Thanks to its strategic geographic location in Emilia-Romagna, which is a major Italian food hub, Bologna boasts some of the Italy’s best cuisine. Though not considered an authentic Bolognese dish, Spaghetti Bolognese has gained lots of popularity worldwide. This particular dish appeals to both locals and foreigners who believe they are eating a typical Italian recipe. But the truth is, Spaghetti Bolognese isn’t a native Italian dish as most people believe. In fact, authentic Bolognese doesn’t involve spaghetti at all.
Tagliatelle al Ragù (alla Bolognese)
The name Bolognese comes from an original recipe in Bologna, involving Tagliatelle and a rich ragù. In Italy, ragù is a term used to describe a type of meat sauce that has been cooked for many hours over low heat. Each ragù boasts numerous ingredients, which vary from region to region. In fact, “alla Bolognese” is only one of the many different ragùs prepared in Italy. You will note that spaghetti is absent from the name. This is because traditionally the dish is made with tagliatelle – flat ribbons similar in shape to fettuccine and typically up to a third of an inch wide.
Early origins of Bolognese
The birth of the original Bolognese style ragù recipe traces back to 1700s. At this time, Alberto Avisi, chef of the local cardinal, cooked the first tomato based meat sauce with macaroni in Imola, near Bologna. Alvisi’s recipe used nine basic ingredients including lard, butter, onion, veal or pork loin, broth, flour, salt, pepper and cinnamon. Chicken gizzards were sometimes an addition.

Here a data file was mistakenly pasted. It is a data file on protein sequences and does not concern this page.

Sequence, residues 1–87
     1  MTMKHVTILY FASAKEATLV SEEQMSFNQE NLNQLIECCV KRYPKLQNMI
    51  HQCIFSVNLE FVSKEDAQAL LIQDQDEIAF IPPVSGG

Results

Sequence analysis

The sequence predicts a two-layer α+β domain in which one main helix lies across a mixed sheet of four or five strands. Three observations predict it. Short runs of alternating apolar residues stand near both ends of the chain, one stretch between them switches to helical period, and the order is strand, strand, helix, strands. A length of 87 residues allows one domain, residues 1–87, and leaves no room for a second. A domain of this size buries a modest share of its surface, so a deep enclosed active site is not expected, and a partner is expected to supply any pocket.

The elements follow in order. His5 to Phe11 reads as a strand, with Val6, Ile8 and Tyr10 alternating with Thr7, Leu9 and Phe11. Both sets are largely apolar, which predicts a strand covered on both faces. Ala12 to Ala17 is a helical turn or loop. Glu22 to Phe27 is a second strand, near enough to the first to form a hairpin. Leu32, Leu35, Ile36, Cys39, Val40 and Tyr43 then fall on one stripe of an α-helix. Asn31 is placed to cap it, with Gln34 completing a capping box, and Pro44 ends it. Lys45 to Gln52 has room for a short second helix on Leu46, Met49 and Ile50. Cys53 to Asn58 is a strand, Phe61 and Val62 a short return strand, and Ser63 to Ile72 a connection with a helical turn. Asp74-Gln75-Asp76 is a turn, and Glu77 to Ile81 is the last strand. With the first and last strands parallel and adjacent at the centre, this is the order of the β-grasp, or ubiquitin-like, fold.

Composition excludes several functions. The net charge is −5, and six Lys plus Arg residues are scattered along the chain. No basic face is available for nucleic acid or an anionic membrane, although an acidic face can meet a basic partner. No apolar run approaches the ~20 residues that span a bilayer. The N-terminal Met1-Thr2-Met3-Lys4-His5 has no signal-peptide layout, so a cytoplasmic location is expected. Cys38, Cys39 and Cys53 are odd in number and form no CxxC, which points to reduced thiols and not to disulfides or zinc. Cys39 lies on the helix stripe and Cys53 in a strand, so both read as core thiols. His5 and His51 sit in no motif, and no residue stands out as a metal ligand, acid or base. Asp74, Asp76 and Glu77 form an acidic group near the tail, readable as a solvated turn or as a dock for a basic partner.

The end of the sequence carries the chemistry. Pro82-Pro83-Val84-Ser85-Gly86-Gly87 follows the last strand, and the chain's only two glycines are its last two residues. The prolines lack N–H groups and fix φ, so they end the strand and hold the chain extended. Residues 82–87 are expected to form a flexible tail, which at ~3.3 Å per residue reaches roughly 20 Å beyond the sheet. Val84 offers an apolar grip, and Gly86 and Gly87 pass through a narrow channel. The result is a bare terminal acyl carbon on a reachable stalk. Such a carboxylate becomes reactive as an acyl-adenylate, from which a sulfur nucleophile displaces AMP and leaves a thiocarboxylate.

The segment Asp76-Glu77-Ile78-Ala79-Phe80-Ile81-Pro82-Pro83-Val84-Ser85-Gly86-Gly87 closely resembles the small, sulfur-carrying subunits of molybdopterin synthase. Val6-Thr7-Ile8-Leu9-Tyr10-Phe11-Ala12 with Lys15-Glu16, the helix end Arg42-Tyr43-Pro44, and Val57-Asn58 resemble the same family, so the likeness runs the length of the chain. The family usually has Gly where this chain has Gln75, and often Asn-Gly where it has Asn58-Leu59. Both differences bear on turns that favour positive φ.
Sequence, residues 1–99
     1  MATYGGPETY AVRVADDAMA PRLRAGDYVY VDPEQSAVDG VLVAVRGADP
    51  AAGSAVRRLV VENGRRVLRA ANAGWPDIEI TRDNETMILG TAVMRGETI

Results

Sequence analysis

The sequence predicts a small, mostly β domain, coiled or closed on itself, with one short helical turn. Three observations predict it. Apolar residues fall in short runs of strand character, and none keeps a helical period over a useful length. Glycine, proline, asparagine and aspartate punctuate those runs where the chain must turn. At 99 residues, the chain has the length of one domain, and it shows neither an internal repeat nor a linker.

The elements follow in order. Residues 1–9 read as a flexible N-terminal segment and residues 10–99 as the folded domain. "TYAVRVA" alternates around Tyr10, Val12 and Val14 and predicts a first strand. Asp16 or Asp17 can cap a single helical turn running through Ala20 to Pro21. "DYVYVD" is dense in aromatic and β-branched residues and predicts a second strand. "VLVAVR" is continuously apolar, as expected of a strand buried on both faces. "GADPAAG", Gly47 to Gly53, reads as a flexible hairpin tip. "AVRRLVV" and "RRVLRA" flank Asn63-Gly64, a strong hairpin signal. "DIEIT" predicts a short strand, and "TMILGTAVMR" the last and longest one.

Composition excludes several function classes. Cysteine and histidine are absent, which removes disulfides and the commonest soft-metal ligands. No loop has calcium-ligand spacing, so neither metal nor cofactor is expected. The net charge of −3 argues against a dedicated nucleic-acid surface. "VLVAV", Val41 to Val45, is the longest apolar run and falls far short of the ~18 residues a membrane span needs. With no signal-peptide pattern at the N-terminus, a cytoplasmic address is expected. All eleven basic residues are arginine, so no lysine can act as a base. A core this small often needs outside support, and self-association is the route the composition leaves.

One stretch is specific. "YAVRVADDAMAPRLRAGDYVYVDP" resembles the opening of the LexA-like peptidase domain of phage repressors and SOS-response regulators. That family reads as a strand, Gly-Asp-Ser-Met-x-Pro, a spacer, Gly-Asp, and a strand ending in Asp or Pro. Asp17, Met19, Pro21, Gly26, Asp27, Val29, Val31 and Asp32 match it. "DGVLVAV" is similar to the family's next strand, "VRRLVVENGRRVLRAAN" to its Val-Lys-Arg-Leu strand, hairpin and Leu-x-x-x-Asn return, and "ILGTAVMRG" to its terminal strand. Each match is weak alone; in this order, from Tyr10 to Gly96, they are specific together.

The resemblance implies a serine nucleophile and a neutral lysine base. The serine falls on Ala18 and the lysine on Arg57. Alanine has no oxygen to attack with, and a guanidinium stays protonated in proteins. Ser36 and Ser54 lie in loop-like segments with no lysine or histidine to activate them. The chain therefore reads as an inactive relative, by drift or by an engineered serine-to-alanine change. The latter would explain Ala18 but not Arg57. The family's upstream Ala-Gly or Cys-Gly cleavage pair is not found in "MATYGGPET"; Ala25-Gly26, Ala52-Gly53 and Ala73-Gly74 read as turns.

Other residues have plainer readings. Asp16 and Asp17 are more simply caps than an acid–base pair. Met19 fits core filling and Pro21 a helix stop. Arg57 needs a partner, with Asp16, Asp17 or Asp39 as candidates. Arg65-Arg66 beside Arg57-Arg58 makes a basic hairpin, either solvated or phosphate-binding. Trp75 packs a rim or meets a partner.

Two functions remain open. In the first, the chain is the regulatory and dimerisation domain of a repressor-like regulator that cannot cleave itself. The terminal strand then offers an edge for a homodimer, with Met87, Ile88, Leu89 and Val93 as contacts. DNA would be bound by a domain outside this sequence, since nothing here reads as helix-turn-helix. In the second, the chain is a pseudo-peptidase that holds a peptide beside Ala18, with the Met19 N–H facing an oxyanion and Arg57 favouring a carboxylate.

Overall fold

Europe without tomatoes
Early ragù dishes did not include tomatoes because they did not reach Europe until the 1500s. Around that time they arrived with either Christopher Columbus or the conquistador Hernán Cortés. Accordingly, Spain received them first, where they were treated as a red aubergine – ie. cooked with salt, pepper and oil, as they are to this day. Gradually they found their way to Italy, appearing in a letter written by the house steward of Cosimo de’ Medicio on October 31, 1548.
Evolution of Bolognese Ragù
By the 1800s, recipes for tomato based Ragù sauces started to appear in Emilia-Romagna cookbooks. At this time they were mainly the feast of holidays or special occasions. In 1891 Pellegrino Artusi published a recipe for a ragù characterized as bolognese in his cookbook “La Scienza in Cucina” (Science in the Kitchen).
Over time, the original Bolognese recipe transformed and on October 17th, 1982 at the Bologna Chamber of Commerce, the Italian Academy of Cuisine finally registered the official version of the recipe. The ingredients for this recipe are coarsely minced beef (flank, chuck or brisket cuts), pancetta, carrots, celery, onions, tomato sauce or peeled tomatoes, dry white wine, whole milk, a little broth, extra virgin olive oil or butter, salt, pepper and half a glass of heavy cream (optional).
Neopolitan versus Bolognese Ragù